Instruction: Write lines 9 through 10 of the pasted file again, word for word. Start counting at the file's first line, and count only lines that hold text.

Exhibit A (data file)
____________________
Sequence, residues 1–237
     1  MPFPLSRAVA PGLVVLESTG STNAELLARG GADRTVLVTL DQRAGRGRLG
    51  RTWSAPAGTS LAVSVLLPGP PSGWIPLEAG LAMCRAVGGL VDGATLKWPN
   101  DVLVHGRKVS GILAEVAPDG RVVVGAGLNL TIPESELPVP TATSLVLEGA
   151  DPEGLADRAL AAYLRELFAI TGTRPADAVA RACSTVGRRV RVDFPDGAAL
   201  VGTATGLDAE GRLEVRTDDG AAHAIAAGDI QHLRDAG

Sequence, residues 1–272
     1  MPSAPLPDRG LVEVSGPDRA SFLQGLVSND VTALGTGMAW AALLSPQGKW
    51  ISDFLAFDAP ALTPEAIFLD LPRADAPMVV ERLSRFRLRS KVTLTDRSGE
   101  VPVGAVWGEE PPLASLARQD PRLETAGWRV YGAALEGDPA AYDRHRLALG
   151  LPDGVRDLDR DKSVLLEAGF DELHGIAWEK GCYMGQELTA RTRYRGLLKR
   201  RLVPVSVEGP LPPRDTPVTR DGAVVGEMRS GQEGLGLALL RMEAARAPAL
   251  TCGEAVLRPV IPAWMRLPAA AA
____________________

    51  ISDFLAFDAP ALTPEAIFLD LPRADAPMVV ERLSRFRLRS KVTLTDRSGE
   101  VPVGAVWGEE PPLASLARQD PRLETAGWRV YGAALEGDPA AYDRHRLALG